According to Ebner’s Butterflies of Wisconsin, this species was collected near Racine. The record is listed as questionable, but it is certainly within its spotty range. This species does exist in eastern Minnesota; the photographs here were taken in Minnesota within two miles of the Wisconsin border. It is certainly possible that it exists in western Wisconsin.
Weekly sightings for Arogos Skipper
Below, this skipper is yellowish orange with whitened veins and white fringe. Above, the male has a large open orange area with no stigma and a dark margin. The female is similar, with a dark mark in the middle of the orange area where the stigma of the male would be, and a wider black margin.
The Delaware Skipper is most likely confused with this species. In the field, I once saw both species nectaring on the same plant, and both individuals were somewhat worn. It was very difficult to tell these two species apart just from below: the fringe on the Arogos Skipper was mostly gone, the whitening of the veins was not very obvious, and they were nearly the same size. Fortunately, when seen from above, the Arogos Skipper is easily distinguished from the Delaware Skipper by its lack of markings in the orange area of the forewing.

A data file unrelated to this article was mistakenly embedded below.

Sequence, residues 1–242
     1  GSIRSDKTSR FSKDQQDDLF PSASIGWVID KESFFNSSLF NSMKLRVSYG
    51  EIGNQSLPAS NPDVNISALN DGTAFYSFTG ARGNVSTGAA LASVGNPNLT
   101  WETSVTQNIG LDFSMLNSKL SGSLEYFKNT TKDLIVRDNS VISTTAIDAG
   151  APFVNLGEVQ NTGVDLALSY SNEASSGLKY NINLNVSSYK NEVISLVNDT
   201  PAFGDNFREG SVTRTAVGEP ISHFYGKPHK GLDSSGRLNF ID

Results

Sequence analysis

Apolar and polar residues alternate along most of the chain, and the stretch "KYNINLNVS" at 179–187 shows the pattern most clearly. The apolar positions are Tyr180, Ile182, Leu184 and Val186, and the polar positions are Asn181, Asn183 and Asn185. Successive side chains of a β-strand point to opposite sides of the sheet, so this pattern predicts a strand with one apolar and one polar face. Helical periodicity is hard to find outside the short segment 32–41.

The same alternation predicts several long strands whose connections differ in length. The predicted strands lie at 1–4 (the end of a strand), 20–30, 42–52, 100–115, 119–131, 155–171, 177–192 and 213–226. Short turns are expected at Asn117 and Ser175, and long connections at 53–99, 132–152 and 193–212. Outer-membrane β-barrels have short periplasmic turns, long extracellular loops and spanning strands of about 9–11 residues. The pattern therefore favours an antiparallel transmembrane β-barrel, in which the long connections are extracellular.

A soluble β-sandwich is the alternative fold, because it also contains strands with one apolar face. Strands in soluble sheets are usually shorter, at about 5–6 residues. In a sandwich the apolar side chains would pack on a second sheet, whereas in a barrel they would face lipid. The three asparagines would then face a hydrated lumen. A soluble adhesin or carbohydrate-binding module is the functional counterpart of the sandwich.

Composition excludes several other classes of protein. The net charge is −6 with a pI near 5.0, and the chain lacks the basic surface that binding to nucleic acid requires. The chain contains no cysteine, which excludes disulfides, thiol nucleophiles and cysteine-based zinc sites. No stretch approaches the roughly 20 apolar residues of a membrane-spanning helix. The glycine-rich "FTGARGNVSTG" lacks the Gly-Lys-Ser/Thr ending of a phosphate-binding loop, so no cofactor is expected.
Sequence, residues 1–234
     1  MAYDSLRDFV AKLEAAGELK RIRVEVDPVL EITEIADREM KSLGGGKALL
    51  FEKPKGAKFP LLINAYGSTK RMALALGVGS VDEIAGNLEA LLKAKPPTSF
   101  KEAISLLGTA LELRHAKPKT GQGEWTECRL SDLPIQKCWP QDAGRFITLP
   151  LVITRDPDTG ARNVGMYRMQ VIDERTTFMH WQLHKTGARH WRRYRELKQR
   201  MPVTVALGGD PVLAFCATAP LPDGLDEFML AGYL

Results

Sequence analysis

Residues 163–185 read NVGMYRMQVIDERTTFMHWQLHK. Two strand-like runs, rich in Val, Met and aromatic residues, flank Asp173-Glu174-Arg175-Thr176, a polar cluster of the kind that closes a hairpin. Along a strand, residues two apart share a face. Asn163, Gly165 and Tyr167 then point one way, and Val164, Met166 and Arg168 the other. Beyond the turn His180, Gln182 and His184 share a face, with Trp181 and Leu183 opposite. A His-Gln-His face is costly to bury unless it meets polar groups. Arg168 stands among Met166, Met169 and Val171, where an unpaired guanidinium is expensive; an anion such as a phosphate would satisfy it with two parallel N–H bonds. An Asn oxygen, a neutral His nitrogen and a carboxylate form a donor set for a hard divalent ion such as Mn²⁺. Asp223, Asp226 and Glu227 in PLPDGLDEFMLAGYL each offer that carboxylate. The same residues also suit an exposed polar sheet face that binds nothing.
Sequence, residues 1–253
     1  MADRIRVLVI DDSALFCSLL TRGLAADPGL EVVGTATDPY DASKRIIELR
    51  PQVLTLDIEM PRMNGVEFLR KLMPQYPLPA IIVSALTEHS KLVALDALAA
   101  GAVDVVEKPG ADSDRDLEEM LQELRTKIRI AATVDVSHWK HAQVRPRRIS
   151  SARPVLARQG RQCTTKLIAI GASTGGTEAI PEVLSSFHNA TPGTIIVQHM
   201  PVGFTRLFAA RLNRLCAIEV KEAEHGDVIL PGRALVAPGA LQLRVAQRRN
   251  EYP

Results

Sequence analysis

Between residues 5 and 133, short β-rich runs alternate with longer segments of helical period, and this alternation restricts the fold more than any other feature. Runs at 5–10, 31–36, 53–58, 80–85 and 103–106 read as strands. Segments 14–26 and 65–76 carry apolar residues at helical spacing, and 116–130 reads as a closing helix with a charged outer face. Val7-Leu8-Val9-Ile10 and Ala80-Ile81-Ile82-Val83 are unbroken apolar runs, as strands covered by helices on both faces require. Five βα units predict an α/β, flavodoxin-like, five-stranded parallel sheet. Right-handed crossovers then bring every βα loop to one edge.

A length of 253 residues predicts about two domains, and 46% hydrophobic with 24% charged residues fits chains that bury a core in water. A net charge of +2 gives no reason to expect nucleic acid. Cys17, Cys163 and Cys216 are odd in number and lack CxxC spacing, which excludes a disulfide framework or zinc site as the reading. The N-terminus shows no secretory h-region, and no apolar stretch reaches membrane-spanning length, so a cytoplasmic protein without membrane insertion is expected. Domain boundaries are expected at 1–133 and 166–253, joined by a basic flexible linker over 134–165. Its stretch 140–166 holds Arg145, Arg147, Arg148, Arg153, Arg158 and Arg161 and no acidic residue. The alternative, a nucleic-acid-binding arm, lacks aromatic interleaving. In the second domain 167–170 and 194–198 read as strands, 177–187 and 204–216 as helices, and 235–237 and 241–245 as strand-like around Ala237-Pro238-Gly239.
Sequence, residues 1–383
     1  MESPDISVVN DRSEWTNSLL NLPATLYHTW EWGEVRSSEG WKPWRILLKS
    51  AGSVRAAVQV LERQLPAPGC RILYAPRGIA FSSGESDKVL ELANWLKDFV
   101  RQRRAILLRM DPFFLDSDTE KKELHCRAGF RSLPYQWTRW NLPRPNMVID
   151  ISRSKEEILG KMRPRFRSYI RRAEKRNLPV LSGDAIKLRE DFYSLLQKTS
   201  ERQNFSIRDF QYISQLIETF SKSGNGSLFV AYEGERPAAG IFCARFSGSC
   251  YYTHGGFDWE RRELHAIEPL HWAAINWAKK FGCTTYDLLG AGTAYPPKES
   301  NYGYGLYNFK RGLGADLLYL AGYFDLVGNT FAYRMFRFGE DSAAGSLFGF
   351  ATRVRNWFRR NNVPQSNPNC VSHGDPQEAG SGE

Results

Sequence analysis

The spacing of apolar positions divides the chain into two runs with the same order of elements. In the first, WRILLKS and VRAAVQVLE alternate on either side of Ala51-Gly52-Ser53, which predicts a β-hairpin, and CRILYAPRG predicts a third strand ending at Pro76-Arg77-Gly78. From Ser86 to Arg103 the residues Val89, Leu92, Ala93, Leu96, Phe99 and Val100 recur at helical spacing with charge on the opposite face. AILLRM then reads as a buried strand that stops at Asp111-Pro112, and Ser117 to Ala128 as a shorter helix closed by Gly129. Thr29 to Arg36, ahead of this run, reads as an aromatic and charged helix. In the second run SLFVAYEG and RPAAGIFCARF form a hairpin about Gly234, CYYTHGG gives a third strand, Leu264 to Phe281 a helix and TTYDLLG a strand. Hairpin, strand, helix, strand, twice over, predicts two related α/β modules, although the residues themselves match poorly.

Tall grass prairies.
One brood from late June through July.
Not verified from Wisconsin, but was reported from southeastern Wisconsin in the late 1800s. In 2005, this species was present within several miles of the Wisconsin border. The bottom photo, taken with a 90mm lens from the spot where the other photos here were taken, shows the proximity to smokestacks across the river in Alma, Wisconsin.